Casablanca is the largest city in Morocco. It is also the economic heart of the country. Although it doesn’t attract as many tourists as cities like Marrakech, Fes, and Tangier, Casablanca still offers plenty of great things to see and do.
Perhaps the most famous sight in Casablanca, the Hassan II Mosque is a striking architectural jewel that showcases the very best of Moroccan artisanship. The large mosque, complete with a towering minaret, is one of the largest mosques in the world. It was built in the early 1990s to celebrate the 60th birthday of the previous king.
Casablanca’s old 19th-century medina is mainly a residential area today. Nonetheless, walking through the narrow streets and resting for a while in one of the many nice cafes and restaurants is a pleasant way to understand a bit more of what makes the city tick. Look for the street art that adorns some of the walls.
Bab Marrakech is one of the main gateways into the medina. Although the arched gap in the tall wall could hardly be called exceptional, the adjacent clock tower does add a certain charm to this section of wall.
The Sqala (also spelt Scala) is all that remains today of an 18th century fortress. Overlooking the sea, some sections of the outer walls of the Portuguese-style fort have now been painted a vibrant hue of canary yellow.
Casablanca’s main square, Place Mohammed V is surrounded by attractive buildings and palm trees. The paved square is the administrative heart of the city.
A huge former Roman Catholic church, Sacre Coeur Cathedral was built in the 1930s. Painted in gleaming white, the front is flanked by two tall towers.
Although visitors are not permitted to enter Casablanca’s Royal Palace, it’s a great place to make a quick photo stop. The detailed architecture of the main gate is impressive, and you can see the armed police officers who pace the front tiled courtyard, ready to defend the palace if necessary.
Another of Casablanca’s architectural beauties to be admired from the outside, Mahkama du Pacha is a courthouse. Constructed from marble and wood, it was built in a Hispano-Moorish style.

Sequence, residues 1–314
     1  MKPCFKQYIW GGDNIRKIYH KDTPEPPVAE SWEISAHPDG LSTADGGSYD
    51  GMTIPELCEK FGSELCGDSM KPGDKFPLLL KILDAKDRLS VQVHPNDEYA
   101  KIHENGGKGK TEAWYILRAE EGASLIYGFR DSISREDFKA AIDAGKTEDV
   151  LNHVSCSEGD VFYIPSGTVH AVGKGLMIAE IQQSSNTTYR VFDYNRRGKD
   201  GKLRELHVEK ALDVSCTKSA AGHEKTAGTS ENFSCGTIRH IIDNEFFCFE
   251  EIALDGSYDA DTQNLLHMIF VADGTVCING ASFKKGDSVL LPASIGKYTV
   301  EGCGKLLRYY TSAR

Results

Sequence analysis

The Museum of Moroccan Judaism tells the story of Morocco’s previously large Jewish population. It’s an interesting place to learn more about the nation’s Jewish heritage and history, as well as about Jewish culture in general. What makes the museum exceptional, however, is the fact that it is the only museum dedicated to Judaism in the entire Arab world.
Casablanca’s Jewish Cemetery is another reminder of the city’s Jewish past. Still in use today, the somber place of rest is well kept, with headstones in Hebrew, French and Spanish.
The enormous Morocco Mall is one of the biggest shopping centres in Africa. It’s a top place for anyone looking for a modern and fixed-price shopping experience. As well as being home to a huge assortment of shops and eateries, the mall also contains Aquadream, a large aquarium with many species of fish.
The lively Central Market is one of the best places in Casablanca to see how locals shops and to pick up an array of traditional goods and souvenirs. Colourful babouches (traditional leather slippers) and clothes hang in front of stalls. Women shop for spices and fresh produce. Cookware and home items are abundant.
The two skyscrapers that form Casablanca’s Twin Centre soar 28 floors above the city. They contain a hotel, residential and office units, restaurants, bars, shops and other facilities. Ride the elevator to Bar 28, on the top floor of Tower B, for panoramic city views.
Sindibad Park is the only amusement park in Morocco. After being closed for many years, it has now reopened, offering a good place to take kids for a few hours. There are rides for smaller children and a small zoo.
The slides, chutes, and pools of Tamaris Aquaparc make it a popular place for families and friends looking for somewhere to have fun and cool down on a hot summer’s day.
A pretty park, the Arab League Garden is a pleasant place for a stroll. Palm trees overhang the main pathway, offering plenty of welcoming shade, and there are several terrace cafes where you can stop for a spot of people watching.
Located in one of Casablanca’s suburbs, Bouskoura Merchich is one of the city’s green lungs. Wander through the greenery and escape city life for a few hours.
Housed within an attractive art deco building, the Villa des Arts is a great place for fans of modern art. Works include those by local and international artists.
The coastline in the suburb of Ain Diab, known for the cornice, has many high-end accommodations and restaurants. Stroll along the waterfront and relax on the public sandy beach.
Plage de Ain Sebaa is another of Casablanca’s beaches. The strong waves and winds make it a popular place for surf enthusiasts. Alternatively, sit on the rocky shore and watch surfers trying to conquer the waves.